A page from history

The vintage Norfolk And Western 2156 Steam Engine & Water Car made an overnight stop in Bluefield on its way to St. Louis, Missouri recently. Train enthusiasts converged near Bluefield Avenue to watch the engine pass through town.

BLUEFIELD — Train enthusiasts got out their cameras this past week and chased a vintage steam locomotive that was making its way through southern West Virginia and to a new home in St. Louis, Missouri.

About a dozen people sharing a love of trains converged the evening of June 10 along the brownstone wall separating Bluefield Avenue from the Norfolk & Southern Railroad yard. With cameras and cellphones ready, they were hoping to see one of the old Norfolk & Western’s Big Three steam locomotives.

The engine had been on display for several years in a Roanoke, Va. museum. It was being towed to a Missouri museum when area train lovers learned that it was passing through the region. One enthusiast, Gabe Clinton of Tennessee, traveled to Bluefield just to see it and get some photographs. It is one of the Big Three, or three largest locomotives, the Norfolk & Western Railroad had ever built. Fans of vintage trains waited in the cool nighttime air to catch a glimpse of it.

Michael Walton of Summer County brought his camera and tripod to Bluefield for some good shots of the locomotive.

“I don’t feel like driving to St. Louis to see it,” he added. “It’s a good chance to see it. It won’t be back through here again.”

Veteran train enthusiast and southern West Virginia photographer Timothy Hairston of Upland said later that he pursued the train from Coopers to Iaeger in McDowell County to shoot some pictures of it.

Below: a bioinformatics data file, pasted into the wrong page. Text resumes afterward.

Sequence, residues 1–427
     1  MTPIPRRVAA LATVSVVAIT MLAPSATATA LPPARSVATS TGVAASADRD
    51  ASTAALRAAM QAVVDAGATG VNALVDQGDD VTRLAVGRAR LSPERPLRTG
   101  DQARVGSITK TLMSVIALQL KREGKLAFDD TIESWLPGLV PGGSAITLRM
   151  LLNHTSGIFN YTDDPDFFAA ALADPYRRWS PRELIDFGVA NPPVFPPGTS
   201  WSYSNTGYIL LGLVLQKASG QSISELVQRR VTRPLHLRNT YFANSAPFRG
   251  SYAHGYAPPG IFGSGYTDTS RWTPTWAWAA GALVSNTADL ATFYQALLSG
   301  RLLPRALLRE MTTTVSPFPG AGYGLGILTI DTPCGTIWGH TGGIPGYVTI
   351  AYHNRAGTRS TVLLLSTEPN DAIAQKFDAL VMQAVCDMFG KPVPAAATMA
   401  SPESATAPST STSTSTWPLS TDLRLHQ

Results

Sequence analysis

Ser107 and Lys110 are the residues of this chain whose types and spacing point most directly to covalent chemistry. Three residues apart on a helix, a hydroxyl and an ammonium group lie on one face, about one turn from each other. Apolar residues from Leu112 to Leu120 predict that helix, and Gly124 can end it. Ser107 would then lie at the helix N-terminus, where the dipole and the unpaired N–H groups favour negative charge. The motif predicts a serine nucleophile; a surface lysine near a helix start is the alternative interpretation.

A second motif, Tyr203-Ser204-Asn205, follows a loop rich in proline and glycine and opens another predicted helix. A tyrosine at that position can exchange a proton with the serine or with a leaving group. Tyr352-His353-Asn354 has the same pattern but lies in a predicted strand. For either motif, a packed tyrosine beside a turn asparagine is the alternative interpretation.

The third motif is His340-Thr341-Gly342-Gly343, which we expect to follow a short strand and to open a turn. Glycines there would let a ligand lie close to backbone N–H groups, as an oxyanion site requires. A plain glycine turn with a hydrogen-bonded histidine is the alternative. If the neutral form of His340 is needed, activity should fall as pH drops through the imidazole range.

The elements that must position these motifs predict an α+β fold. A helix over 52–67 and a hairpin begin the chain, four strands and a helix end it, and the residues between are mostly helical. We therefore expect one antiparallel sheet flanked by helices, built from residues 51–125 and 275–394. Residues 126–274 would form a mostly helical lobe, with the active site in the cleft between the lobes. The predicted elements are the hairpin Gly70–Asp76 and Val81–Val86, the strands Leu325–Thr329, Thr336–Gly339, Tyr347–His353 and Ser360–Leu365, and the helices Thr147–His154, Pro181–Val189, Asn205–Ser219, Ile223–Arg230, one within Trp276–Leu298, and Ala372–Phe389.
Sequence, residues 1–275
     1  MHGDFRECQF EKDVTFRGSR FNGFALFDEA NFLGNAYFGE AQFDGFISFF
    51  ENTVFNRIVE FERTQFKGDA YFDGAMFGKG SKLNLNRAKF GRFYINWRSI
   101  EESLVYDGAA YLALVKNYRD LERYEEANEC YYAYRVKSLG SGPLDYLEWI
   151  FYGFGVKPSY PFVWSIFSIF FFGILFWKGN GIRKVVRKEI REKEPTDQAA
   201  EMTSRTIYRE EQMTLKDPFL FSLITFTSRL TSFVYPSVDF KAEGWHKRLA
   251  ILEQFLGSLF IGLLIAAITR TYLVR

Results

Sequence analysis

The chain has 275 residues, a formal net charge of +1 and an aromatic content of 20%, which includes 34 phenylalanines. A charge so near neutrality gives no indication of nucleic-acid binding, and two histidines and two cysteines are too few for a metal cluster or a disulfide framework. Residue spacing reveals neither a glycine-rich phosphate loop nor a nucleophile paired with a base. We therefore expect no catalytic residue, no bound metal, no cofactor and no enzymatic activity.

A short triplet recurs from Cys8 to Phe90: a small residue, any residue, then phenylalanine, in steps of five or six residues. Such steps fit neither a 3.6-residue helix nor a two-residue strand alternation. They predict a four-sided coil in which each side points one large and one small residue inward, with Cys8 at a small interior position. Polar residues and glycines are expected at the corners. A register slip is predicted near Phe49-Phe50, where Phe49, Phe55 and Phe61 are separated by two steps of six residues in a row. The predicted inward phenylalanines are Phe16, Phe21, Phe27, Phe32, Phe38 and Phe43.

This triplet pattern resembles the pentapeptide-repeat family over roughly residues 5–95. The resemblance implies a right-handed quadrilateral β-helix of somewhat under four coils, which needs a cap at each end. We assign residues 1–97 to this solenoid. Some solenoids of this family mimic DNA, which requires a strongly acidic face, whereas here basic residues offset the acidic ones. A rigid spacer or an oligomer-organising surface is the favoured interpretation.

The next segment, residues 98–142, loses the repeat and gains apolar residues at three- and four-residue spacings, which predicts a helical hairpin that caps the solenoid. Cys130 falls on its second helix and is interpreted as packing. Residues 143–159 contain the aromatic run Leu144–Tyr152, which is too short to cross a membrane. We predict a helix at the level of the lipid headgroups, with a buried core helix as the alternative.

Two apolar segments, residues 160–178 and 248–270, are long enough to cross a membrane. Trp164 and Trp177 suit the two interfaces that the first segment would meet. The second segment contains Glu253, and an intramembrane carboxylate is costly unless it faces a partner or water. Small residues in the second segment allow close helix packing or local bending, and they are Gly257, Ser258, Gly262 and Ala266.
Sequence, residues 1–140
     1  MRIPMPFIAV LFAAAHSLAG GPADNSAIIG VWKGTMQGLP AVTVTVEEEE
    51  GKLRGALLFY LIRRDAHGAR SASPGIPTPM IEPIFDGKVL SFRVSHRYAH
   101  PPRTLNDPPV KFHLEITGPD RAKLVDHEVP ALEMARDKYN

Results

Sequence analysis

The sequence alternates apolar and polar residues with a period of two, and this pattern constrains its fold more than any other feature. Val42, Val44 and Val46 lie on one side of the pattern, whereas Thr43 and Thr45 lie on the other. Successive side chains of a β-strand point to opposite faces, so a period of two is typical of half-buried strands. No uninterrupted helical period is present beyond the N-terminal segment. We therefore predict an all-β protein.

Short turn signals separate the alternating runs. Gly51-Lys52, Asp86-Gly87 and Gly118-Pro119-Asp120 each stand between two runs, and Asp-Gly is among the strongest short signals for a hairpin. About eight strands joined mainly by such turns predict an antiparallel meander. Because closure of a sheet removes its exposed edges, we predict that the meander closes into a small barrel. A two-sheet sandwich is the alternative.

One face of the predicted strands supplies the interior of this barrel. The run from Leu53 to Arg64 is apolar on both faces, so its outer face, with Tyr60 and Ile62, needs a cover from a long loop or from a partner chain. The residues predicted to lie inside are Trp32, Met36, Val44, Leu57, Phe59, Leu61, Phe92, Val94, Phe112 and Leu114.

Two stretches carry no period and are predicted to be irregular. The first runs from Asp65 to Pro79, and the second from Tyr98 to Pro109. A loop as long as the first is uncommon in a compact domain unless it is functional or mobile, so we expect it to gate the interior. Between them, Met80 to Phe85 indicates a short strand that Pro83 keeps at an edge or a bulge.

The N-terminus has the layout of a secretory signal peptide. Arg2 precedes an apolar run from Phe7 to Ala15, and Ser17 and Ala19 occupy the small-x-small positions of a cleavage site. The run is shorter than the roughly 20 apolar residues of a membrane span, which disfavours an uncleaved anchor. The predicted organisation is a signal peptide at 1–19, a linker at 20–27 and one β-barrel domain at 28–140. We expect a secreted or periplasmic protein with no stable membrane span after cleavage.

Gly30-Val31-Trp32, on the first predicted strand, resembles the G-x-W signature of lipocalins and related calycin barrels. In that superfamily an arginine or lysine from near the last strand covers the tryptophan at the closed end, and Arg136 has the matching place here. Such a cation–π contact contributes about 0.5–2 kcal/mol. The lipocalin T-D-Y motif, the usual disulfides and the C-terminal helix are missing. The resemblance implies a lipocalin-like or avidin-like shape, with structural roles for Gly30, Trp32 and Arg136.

“My great passion for railroad photography is all about being in the right place at the right time,” Hairston said. “On June 11t and 12, 2020, Norfolk & Western 2156 Steam Engine and water car in tow left Roanoke.,Va. west bound for St. Louis, Missouri passing right through the Pocahontas Division, stopping overnight in Bluefield W,Va.”

Hairston caught up with the 2156 at the Cooper’s trestle bridge the morning of June 11, and then proceeded to the Roderfield trestle bridge near Iaeger. For many train enthusiasts like Hairston, seeing the historic locomotive was a special moment.

“I was born July 4, 1957 and the steam train era was an amazing time to be born,” he said. “For me and a lot of railroad train buffs, the excitement of NW 2156 in tow put a great big smile upon our faces. It made my heart rejoice just to see two magnificent pieces of NW railroad machinery still in existence. Just to see and hear those huge iron-clad wheels chugging forward in tow, brought back so many precious memories of the by-gone days of the great steam train era.”

Contact Greg Jordan at gjordan@bdtonline.com

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